There is still a valuable place for you in the work world even if you weren’t class president, didn’t lead a committee to record fundraising, haven’t worked in management at a global corporation, or weren’t a star athlete or had the lead role in a play.
You’ve likely heard the saying that finding a job is a job in itself, right? Well if you utilize AgCareers.com, we cut out some of that legwork for you. Here are the best AgCareers.com tools for busy job seekers.
Advanced Search: Tired of job search engines that don’t offer criteria specific enough to the exact type of job you’re looking for? AgCareers.com’s Advanced Search option allows you to choose from criteria including industry sector, industry type, career type, years’ experience required, country, region, state or province, and more. Visit AgCareers.com and utilize the advanced search option next time you visit.
Guest Blogger: Christine Kilbride, ChickMaster
‘Tis the season…for college applications! Many high school seniors are currently navigating the grueling college admissions process: writing essays, requesting recommendation letters, deciding where to apply and choosing a major.
Choosing a major may seem like the least daunting task on the list – you can always change it, right? Well technically you can, but changing academic majors can lead to costly extra semesters or even the need to transfer to another school.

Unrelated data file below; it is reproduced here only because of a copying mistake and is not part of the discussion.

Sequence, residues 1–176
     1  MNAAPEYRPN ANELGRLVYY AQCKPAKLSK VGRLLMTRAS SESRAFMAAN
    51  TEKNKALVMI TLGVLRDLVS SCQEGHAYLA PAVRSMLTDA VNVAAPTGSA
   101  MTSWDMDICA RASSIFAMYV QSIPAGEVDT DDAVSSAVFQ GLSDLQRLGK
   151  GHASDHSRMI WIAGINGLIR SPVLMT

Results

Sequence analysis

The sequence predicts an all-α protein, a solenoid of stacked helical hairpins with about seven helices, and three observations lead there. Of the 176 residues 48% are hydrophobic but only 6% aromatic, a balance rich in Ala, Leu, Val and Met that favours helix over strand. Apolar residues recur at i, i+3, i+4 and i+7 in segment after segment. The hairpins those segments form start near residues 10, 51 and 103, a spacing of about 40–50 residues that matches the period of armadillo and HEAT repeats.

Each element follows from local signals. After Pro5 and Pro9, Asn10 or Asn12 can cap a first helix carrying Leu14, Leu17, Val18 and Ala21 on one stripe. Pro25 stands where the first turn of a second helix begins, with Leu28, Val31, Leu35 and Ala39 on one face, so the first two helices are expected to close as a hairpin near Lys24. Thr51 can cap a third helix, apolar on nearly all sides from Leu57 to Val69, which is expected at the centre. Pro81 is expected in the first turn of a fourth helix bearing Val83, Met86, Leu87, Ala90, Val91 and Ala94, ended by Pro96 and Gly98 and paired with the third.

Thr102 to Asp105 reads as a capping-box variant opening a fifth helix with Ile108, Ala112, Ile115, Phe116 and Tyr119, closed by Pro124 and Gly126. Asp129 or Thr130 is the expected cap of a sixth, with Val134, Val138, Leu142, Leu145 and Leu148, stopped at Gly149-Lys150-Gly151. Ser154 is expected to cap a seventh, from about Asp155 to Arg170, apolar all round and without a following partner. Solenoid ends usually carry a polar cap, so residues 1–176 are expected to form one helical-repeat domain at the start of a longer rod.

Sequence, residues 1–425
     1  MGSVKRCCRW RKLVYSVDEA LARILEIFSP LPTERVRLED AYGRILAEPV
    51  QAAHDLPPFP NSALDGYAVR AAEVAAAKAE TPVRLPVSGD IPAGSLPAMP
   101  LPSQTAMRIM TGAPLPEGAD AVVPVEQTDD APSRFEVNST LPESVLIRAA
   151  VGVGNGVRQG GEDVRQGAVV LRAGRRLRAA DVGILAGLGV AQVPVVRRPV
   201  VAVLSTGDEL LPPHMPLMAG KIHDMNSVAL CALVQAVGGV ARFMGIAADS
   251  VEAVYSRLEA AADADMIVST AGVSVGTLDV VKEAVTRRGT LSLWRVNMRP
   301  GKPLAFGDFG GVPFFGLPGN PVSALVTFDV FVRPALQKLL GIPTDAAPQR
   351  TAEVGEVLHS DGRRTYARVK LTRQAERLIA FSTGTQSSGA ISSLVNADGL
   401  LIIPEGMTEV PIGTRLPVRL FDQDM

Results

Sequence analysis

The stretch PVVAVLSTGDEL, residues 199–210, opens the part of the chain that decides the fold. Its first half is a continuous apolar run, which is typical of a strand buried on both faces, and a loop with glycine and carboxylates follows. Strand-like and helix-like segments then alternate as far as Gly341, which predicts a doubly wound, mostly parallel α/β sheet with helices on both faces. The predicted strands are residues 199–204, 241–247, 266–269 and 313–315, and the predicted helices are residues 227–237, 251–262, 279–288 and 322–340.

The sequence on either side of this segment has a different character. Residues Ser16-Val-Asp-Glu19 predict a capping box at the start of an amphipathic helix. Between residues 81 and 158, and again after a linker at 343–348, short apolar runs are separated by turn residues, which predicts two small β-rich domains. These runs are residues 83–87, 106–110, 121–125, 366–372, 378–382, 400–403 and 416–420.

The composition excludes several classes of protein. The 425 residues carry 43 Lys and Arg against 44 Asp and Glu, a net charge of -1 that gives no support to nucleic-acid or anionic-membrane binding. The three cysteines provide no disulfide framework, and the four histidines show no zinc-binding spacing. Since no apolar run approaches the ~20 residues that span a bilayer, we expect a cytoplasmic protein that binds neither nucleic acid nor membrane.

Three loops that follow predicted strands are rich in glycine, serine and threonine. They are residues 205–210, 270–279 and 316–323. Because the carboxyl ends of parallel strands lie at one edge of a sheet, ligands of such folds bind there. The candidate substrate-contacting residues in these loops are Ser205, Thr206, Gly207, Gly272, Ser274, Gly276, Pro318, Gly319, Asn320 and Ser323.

So where should you start? Statistically, the most popular majors include Nursing, Education, Business, Psychology and Communications. If none of those options appeal to you – don’t fret; there’s a growing sector that you may not have considered for your future career: agriculture. And particularly, poultry science.
What do you do on a day-to-day basis with AgCareers.com?
My primary responsibility is resolving the issues reported with the AgCareers.com website and internal administration panel which is used by our team. I manage tickets on an ongoing basis, and perform routine clean-up and troubleshooting. My other responsibilities include managing the ATS (Applicant Tracking System) communications, relationships with third party vendors, working with end client’s tech groups, and communication between technology and AgCareers team.
What do you enjoy about working with AgCareers.com?
I enjoy troubleshooting the issues that are reported by our sales team, resolving and successfully deploying those on our production environment. I love my job as a customer service representative for ATS/Feeds and communication with our team across the continent.
What advice would you give to job seekers utilizing AgCareers.com for the first time?
I don’t interact with job seekers directly on a one-on-one basis, but I would like to advise them to understand that the agriculture and food industry is one of the top growing industries with many job opportunities. We are the leading job board in agriculture with more than 5,000 jobs posted each month, so every job seeker who is seeking opportunities in agriculture must visit AgCareers.com.